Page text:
Amy Rodgers and OJ O'Connell
Nov. 5, 2016, in Sea Isle City, N.J.
The campaign-within-the-campaign of then-City Commission candidate Al Schmidt was in full swing in spring 2011.
Al, his wife, Erin, and her sister Jennie, a campaign volunteer, were pretty certain that Erin and Jennie's sister Amy and Al's campaign field director OJ were perfect for each other. And so began the lobbying.
Al told OJ his wonderful sister-in-law, who had recently moved back to Philadelphia from Chicago, was a ballet dancer. OJ was intrigued.
Amy, more skeptical of a setup, required more persuasion. Her sisters described OJ as a kind, nonpartying guy who, like them, grew up in Northeast Philly.
Via Facebook, OJ approached. Would Amy like to go out after the open house for Al's new campaign headquarters? Sure, she said, adding that she'd bring friends, as should he.
That night in April 2011, they hit a small spot at Frankford and Cottman across the street from campaign HQ. Amy brought her friend Maiti. OJ's friends couldn't make it, so it was the three of them.
“It was a little weird, but not as weird as you would think,” Amy said.
Despite the chaperone, sparks flew between OJ and Amy. “It was pretty much instantaneous,” OJ said. He found Amy beautiful and fun. She found him handsome, open, and easy-going.
After making sure Amy was comfortable, Maiti left. The excellent conversation in OJ's car wasn't anywhere near ending when they reached Amy's Center City apartment, so she invited him in, where they talked for many more hours.
OJ, who is now 33, soon revealed the one thing his boss advised him not to mention at first: that he lived in his mom's Mayfair basement. OJ had always been close to his mom, Karen, who raised him with assistance from friends so close he calls them his aunts and uncles. “OJ was honest," Amy said. "He wasn't trying to sell himself. Any questions I would ask, he would just answer -- I appreciated that.”
He had already met her mom, Peg, and dad, Ken, through the campaign. Amy, who is now 34, told him there were many other people in her family, including stepfather Alan and stepmother Barb. She filled him in on her life in Chicago, where she was the marketing coordinator for the city's Department of Cultural Affairs, and the job that brought her here: She's communications manager at the Walnut Street Theatre. She also told him she hadn't been a ballet dancer since she was 22, although she had danced with the Philadelphia Wings dance team in 2006 and 2007.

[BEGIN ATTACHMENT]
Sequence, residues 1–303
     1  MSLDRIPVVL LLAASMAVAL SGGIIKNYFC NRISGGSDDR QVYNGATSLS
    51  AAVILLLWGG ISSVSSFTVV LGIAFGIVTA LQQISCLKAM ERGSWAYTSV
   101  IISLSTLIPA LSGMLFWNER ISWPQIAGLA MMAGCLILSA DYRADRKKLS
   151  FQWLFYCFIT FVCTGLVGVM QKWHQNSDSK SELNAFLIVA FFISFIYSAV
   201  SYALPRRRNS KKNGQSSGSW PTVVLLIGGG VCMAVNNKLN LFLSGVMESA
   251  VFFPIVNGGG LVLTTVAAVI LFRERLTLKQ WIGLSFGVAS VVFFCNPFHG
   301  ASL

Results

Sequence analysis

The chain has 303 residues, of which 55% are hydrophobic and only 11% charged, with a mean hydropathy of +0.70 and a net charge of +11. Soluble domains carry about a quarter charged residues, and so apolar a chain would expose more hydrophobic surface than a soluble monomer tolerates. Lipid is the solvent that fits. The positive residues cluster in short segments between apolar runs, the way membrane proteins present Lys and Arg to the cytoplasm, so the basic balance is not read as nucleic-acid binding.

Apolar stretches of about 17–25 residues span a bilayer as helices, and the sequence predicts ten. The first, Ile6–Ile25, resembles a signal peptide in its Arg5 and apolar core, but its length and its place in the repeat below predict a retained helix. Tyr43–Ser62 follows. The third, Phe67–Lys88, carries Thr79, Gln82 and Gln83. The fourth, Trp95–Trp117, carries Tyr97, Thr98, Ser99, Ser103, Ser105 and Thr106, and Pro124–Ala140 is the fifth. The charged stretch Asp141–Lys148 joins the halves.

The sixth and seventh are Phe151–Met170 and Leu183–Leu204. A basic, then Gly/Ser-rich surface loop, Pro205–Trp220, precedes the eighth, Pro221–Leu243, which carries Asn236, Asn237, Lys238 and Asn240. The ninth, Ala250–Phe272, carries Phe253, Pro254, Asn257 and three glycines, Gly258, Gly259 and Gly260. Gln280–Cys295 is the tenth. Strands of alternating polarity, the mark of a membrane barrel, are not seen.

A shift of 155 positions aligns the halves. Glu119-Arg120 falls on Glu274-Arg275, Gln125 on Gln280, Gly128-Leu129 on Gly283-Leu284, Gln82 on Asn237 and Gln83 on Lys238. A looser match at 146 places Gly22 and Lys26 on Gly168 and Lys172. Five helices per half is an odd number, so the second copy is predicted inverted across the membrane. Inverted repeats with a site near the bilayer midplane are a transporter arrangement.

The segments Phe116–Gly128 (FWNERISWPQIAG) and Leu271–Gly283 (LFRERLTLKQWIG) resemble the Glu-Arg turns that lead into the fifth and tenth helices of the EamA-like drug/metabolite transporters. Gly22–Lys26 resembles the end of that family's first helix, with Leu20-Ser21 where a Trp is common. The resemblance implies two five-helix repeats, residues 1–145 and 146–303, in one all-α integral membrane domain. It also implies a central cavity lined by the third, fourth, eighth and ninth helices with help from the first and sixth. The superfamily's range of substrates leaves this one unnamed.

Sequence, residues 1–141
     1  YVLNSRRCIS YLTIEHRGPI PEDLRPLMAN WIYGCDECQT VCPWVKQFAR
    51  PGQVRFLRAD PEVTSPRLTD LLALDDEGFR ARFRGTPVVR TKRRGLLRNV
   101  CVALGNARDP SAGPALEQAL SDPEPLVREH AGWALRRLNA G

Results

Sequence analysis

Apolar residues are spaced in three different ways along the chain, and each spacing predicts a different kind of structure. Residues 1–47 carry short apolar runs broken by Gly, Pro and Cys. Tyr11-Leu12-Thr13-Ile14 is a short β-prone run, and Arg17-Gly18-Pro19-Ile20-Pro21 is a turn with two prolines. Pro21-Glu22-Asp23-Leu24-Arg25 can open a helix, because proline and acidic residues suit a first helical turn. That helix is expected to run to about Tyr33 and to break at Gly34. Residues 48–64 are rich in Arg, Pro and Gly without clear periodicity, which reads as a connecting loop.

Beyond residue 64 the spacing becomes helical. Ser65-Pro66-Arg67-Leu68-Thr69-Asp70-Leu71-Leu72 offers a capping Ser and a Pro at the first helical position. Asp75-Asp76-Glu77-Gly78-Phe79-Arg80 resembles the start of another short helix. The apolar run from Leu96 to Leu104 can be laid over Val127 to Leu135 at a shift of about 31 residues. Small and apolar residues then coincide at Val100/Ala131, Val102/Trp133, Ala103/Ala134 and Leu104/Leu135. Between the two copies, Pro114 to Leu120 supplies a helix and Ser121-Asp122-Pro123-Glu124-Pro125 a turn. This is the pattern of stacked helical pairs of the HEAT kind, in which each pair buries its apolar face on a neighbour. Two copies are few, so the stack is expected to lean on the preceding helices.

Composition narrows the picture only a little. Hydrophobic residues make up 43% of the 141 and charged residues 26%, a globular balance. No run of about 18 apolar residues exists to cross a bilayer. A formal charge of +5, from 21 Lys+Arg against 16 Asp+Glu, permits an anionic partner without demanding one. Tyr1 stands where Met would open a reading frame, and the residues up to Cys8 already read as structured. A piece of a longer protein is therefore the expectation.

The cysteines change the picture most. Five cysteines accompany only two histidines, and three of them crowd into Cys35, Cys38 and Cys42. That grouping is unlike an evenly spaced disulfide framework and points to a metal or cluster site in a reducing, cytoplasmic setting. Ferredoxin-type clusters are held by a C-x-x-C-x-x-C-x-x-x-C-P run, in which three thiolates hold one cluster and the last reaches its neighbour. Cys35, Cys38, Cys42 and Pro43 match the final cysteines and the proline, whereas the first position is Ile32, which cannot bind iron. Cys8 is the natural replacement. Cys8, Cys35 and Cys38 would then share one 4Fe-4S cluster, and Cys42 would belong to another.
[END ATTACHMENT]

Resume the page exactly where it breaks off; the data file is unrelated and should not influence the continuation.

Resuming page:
On their second date at El Vez, which had no chaperone, they exchanged I love yous.
“It was everything I had been looking for, hoping for, waiting for,” OJ said. “She was someone that I could share not just time with, but myself with.”
Amy felt it, too. Not long after, she noticed OJ's Irish claddagh ring heart was pointed outward, traditionally a sign that the wearer is available. “That's backwards,” Amy said as she reached across the table, took his ring off, and put it back with the heart in the “I'm taken” position.
That other campaign worked, too: Al was elected a city commissioner; he is now vice chairman.
How does forever sound?
In December 2015, after acquiring the blessing of both sets of Amy's parents, OJ persuaded Amy to take half a day off from work for a tour of City Hall. OJ has worked in the Philadelphia courts since November 2011, and his office is across the street.
At the top, they checked out the gorgeous views of the city. Just when Amy thought she'd seen all there was to see, OJ took out his binoculars. “This is so cool, I can see my work! Do you want to look at my work?” he asked.
“I'm fine,” Amy said.
“But you can see my floor!” OJ told her. “You can see the people I work with!”